Miniature Schnauzer Breed Caring and Family, Social Life, Physical Traits, Diet Info

Miniature Schnauzer Breed Caring and Family, Social Life, Physical Traits, Diet Info

The Miniature Schnauzer is of German origin and is an energetic, playful dog that makes an excellent pet for the whole family. Unlike the Standard and Giant Schnauzers, the miniature has always been classified in the Terrier Group. It continues to be judged as a terrier. However, it has the same aristocratic bearing as its larger cousins. Mini Schnauzers also share the black and the pepper-and-salt minimal-shedding wiry coat with the large and standard breeds.

Miniature Schnauzers are sweet, smart, loving, and loyal. Their signature eyebrows and beards give them a very distinct look. They make excellent companions because they are obedient and quick to learn, extremely devoted, playful, and affectionate. Miniature Schnauzers are also known as Zwergschnauzers, German for dwarf Schnauzer.

Their alertness and sometimes vocal nature makes them an excellent watch/alert dog. They are hardy little dogs, originally bred as ratters and companions on German farms. They delight in chasing and sometimes catching small prey; therefore, a fenced yard or on-leash walks are recommended. Their average weight is 13 pounds. They weigh about 13 pounds, making them small enough to escape through reasonably small openings if their prey drive is triggered.

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What are the Breed Traits and Characteristics of Miniature Schnauzers?

Miniature Schnauzers are intelligent and learn quickly. Many have excelled in formal obedience trials and in agility competitions. Though the breed was not originally bred to ‘go-to-ground’ for prey, mini Schnauzers will gladly chase rodents wherever they go, including underground.

In addition to displaying a sense of dignity, Miniature Schnauzers possess loads of energy and playfulness. Zwergchnauzers are not considered to be an aggressive breed. Still, they do tend to sound the bark alarm at passing strangers. Their characteristic wariness toward people makes them excellent watchdogs.

Mini Schnauzers’ competency is high; they learn things quickly and remember everything good and bad. They are also high-spirited and will run circles around you, literally and figuratively, if you let them. Consistent, positive reinforcement training will help your Miniature Schnauzer be their best self.

Miniature Schnauzer Breed Traits

Miniature Schnauzer Information


Males 14 inches

Females 13 inches


Males 11 to 18 pounds

Females 10 to 15 pounds

Relation with family

Affectionate, Loyal, Energetic, Intelligent, Spirited, Alert, Fearless, Obedient, 

Relation with children

Happy, Affectionate, Gentle, and Playful 

Relation with other dogs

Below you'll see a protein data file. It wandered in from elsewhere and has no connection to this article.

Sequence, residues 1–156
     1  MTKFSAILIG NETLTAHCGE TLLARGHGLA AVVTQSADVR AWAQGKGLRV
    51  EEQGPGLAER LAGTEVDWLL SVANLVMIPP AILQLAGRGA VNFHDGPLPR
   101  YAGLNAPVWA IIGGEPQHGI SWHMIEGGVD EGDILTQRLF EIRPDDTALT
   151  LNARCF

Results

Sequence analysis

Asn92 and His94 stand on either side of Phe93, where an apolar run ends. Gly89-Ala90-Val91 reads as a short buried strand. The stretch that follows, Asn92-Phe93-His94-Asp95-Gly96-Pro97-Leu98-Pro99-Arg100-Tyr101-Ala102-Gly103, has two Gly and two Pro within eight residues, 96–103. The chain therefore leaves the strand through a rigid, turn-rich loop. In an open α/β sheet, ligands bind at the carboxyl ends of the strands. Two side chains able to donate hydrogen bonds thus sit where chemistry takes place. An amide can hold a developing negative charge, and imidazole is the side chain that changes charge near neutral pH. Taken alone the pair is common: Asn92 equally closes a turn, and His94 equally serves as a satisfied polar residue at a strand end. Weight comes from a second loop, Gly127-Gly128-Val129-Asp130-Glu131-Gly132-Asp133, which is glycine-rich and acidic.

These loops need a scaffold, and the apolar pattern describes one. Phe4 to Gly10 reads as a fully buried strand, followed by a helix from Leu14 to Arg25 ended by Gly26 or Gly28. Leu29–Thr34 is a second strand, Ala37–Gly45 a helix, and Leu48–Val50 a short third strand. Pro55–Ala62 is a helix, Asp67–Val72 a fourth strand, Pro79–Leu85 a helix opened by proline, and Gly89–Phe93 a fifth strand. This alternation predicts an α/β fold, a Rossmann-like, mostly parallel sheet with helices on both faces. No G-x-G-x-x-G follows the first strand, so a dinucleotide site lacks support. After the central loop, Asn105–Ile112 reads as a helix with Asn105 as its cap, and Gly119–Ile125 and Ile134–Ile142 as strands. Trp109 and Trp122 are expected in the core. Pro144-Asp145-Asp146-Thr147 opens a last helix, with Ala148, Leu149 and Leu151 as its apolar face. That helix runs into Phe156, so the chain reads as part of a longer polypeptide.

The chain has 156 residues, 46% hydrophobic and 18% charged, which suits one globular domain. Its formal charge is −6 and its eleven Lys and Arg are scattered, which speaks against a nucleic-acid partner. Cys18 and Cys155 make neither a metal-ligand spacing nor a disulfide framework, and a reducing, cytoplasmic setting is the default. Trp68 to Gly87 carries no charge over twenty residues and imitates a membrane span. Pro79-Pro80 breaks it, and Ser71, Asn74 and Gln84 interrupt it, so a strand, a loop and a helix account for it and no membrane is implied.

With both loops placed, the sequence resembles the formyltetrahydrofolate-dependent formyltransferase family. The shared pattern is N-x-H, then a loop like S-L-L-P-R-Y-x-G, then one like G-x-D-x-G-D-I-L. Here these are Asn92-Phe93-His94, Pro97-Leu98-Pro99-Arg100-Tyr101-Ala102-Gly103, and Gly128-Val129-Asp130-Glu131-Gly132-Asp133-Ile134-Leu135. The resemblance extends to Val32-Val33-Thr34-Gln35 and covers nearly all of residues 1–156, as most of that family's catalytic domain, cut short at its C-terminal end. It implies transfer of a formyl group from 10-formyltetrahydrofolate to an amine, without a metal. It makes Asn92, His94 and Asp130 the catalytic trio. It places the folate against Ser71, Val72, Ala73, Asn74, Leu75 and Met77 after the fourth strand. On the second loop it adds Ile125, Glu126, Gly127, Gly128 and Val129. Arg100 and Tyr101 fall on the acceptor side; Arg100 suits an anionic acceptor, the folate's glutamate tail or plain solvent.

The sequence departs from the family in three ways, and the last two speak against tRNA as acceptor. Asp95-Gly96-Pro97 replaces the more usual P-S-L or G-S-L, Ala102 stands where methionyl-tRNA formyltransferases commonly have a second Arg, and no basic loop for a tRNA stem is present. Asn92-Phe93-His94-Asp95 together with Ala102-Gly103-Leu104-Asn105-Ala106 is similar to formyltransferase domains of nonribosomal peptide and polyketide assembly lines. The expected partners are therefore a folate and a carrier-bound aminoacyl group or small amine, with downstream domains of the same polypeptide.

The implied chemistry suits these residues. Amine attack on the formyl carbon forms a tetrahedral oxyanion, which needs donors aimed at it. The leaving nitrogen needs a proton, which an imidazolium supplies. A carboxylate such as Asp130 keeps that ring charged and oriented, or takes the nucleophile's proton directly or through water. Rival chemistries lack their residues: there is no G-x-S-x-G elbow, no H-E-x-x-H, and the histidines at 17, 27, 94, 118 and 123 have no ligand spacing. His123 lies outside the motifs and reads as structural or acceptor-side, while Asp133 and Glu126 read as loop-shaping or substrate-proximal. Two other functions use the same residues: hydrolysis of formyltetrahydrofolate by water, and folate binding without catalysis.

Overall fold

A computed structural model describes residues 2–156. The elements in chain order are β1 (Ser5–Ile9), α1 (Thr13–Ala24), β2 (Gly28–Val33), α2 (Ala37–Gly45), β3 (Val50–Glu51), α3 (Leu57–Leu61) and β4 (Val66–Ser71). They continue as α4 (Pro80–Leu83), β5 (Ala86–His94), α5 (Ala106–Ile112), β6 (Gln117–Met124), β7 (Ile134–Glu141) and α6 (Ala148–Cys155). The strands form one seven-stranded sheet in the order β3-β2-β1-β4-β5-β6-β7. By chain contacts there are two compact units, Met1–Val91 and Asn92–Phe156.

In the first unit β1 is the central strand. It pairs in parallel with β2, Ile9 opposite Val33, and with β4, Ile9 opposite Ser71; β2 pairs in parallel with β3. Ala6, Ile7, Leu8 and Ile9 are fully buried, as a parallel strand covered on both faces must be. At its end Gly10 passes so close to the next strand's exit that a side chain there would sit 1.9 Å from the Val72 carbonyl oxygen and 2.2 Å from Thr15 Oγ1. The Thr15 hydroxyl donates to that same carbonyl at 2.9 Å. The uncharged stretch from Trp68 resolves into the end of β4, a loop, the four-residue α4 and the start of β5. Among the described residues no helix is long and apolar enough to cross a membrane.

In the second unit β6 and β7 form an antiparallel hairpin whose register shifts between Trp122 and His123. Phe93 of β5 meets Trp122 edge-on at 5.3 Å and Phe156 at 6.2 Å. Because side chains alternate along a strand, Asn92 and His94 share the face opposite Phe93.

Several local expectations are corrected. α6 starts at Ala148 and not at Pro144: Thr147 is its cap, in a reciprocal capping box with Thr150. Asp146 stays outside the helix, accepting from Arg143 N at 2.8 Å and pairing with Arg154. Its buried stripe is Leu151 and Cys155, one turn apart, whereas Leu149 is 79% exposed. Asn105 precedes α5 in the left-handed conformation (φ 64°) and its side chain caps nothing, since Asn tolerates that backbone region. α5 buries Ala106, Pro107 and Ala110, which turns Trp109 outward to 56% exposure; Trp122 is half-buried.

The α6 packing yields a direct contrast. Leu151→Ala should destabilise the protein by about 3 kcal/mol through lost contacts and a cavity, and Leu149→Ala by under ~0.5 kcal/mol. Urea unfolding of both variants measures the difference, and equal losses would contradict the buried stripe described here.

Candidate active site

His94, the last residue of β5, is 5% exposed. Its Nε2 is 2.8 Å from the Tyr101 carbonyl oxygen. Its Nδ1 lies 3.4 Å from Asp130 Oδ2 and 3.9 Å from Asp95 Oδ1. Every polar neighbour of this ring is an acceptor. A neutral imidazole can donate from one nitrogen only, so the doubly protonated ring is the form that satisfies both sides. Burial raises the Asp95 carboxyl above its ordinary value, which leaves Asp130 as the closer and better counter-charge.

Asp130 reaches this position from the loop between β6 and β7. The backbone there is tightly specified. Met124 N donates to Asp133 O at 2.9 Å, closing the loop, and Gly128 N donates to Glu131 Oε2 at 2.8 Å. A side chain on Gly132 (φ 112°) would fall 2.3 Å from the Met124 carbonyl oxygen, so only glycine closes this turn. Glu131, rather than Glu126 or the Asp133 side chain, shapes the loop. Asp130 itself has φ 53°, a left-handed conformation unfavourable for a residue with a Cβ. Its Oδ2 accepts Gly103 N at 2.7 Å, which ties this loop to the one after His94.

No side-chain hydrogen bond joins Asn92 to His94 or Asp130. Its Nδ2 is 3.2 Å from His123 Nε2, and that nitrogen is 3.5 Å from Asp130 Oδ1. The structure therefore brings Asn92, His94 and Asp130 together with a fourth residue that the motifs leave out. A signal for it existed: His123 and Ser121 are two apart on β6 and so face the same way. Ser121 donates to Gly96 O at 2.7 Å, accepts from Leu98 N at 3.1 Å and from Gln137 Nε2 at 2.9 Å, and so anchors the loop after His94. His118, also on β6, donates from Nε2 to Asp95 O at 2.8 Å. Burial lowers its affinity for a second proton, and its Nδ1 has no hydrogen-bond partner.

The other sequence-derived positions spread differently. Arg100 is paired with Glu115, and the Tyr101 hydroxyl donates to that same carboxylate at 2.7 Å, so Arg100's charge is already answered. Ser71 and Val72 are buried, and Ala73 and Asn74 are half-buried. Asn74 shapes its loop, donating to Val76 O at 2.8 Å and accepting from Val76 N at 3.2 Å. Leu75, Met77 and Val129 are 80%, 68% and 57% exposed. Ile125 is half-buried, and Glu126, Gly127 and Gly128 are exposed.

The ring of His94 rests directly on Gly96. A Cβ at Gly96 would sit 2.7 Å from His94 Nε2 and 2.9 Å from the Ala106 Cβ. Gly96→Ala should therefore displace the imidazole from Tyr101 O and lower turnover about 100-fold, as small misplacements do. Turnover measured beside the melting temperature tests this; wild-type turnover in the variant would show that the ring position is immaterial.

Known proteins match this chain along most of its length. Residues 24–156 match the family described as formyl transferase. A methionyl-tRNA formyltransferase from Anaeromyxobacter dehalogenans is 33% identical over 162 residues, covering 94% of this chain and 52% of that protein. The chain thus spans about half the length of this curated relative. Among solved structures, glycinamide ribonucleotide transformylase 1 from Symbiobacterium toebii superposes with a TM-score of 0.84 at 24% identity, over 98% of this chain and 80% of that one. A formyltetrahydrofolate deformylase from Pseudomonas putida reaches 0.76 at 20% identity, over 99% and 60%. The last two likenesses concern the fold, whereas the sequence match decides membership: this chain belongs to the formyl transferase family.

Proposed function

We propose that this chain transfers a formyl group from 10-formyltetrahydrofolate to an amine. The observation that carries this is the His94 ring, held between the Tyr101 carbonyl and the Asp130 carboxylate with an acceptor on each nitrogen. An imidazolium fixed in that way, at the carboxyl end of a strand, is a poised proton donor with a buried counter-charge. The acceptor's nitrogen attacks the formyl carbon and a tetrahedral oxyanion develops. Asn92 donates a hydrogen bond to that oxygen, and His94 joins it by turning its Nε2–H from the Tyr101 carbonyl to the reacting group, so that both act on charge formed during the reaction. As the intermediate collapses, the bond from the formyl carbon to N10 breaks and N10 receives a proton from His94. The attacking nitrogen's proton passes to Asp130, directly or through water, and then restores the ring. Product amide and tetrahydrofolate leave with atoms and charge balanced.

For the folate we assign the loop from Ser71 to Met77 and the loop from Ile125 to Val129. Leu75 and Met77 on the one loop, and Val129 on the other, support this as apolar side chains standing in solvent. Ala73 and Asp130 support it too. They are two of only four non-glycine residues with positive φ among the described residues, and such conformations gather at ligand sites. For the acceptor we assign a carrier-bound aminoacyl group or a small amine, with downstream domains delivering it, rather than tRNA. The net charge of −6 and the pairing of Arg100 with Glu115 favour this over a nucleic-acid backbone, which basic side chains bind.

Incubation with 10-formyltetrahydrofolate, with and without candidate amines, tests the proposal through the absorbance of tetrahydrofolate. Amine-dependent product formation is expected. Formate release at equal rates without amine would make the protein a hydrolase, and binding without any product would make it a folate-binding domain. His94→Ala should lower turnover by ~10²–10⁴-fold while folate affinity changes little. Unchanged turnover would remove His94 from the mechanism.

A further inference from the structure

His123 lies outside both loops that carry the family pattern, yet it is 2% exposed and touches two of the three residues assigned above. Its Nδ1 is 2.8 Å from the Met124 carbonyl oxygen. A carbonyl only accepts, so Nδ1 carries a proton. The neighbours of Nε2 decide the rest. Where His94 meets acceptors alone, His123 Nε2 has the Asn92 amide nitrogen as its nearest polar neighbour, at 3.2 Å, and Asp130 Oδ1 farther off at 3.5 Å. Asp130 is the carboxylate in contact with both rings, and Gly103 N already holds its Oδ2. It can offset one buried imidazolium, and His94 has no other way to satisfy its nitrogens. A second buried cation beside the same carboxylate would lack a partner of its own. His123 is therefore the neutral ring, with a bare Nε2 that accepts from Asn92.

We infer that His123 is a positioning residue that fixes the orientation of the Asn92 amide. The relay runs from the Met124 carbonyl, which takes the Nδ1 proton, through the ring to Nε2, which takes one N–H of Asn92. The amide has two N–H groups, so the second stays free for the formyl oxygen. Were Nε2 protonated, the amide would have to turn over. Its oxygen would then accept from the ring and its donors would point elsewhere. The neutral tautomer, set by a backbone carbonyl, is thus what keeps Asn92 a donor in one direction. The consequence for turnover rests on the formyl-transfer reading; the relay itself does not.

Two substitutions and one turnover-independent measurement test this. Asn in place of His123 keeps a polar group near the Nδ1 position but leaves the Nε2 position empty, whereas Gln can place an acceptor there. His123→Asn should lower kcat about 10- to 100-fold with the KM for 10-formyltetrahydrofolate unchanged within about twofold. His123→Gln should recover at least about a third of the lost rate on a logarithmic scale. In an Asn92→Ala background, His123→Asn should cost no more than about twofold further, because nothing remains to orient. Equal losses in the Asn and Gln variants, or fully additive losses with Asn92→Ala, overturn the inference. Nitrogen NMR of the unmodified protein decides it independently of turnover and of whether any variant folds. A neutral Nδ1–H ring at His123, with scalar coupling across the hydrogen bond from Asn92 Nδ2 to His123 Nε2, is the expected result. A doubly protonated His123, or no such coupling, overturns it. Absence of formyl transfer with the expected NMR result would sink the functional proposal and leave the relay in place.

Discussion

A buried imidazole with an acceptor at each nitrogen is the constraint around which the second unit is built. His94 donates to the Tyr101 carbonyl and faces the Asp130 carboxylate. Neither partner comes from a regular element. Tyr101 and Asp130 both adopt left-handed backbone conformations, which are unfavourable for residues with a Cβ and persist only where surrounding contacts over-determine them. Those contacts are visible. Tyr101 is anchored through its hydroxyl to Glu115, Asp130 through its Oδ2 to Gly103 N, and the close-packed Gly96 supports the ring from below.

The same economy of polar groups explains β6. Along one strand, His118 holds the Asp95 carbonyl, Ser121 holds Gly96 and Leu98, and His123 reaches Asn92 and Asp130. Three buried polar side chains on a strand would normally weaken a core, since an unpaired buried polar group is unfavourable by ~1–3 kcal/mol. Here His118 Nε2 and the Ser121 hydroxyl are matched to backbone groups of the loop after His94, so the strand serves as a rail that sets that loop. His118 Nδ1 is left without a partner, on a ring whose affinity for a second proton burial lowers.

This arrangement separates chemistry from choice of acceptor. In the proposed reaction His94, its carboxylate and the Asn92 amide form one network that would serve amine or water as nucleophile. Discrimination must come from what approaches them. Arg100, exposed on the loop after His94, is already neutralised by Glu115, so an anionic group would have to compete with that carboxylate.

Shedding level


Drooling level


Coat type 

Thick double coat with a soft undercoat and a wiry outer coat

Coat length

The coat length varies according to the owner’s choice of trimmed style

Coat grooming frequency

Daily brushing, monthly bathing, quarterly trimming

Dogs’ Reaction/Openness to Strangers


Playfulness level


Adaptability level


Trainability level


Energy level


Barking level


Mental stimulation needs level



12 to 14 years 

How Does the Miniature Schnauzer Interact with Family?

Miniature Schnauzers are energetic, playful, and loving with their families. They could be aggressive or overprotective of their territories and family members with strange dogs and people, especially if socialization were spotty in their youth. 

Miniature Schnauzers are intelligent and a bit stubborn, often causing housetraining and obedience training to be a long process requiring an abundance of patience and dog treats. Some owners suggest they spend their sleeping hours thinking about mischief to engage in when they awake.

The breed is highly alert to perceived dangers to their family and property. When they sense something is amiss, they’ll bark vehemently. Miniature Schnauzers become bored quickly, so they pair best with families who can keep them busy and active.

How Does the Miniature Schnauzer Interact with Other Dogs?

The Miniature Schnauzer may show aggression toward other dogs of the same gender. Aside from that, though, they are of the “more the merrier” school of thought. However, Zwergschauzers often overestimate their size and powers. They will not hesitate to make dogs much larger than themselves understand that they are overstepping their boundaries when they come too close.

Miniature Schnauzers are typically good with other pets. They usually love to play with cats if adequately socialized or raised together. Any other animal is acceptable; however, Mini Schnauzers were bred to catch vermin. Any small furry pets in the household might trigger their innate prey drive.

As with any pet introduction, be sure to do it slowly and in a controlled environment to make sure they like each other. If you are a multi-pet household, make sure you know that all the animals get along well before you commit to the Miniature Schnauzer. As long as the Zwergschnauzer is socialized as a pup, he will get along with most other pets. 

How are Miniature Schnauzers with Older People?

Miniature Schnauzers are small dogs that are an excellent fit for the elderly. Males weigh 11 to 18 pounds, and females weigh 10 to 15 pounds, which is not too large and heavy for most seniors to handle. They need grooming weekly, as they have fast-growing hair. A Miniature Schnauzer is highly energetic and will deal with boredom or restlessness by running indoors and playing with toys. 

Older adults who can cope with the grooming and daily walks can make no better choice for a canine companion and protector. Despite their small size, Miniature Schnauzers were bred to be guard dogs, and their love for and loyalty to their owners will be their primary concern. They are also easily trained to be care dogs for any humans who show affection in return. Older people who cannot take their Miniature Schnauzers for walks can reach out to dog walking services to ensure their canine companions get adequate exercise.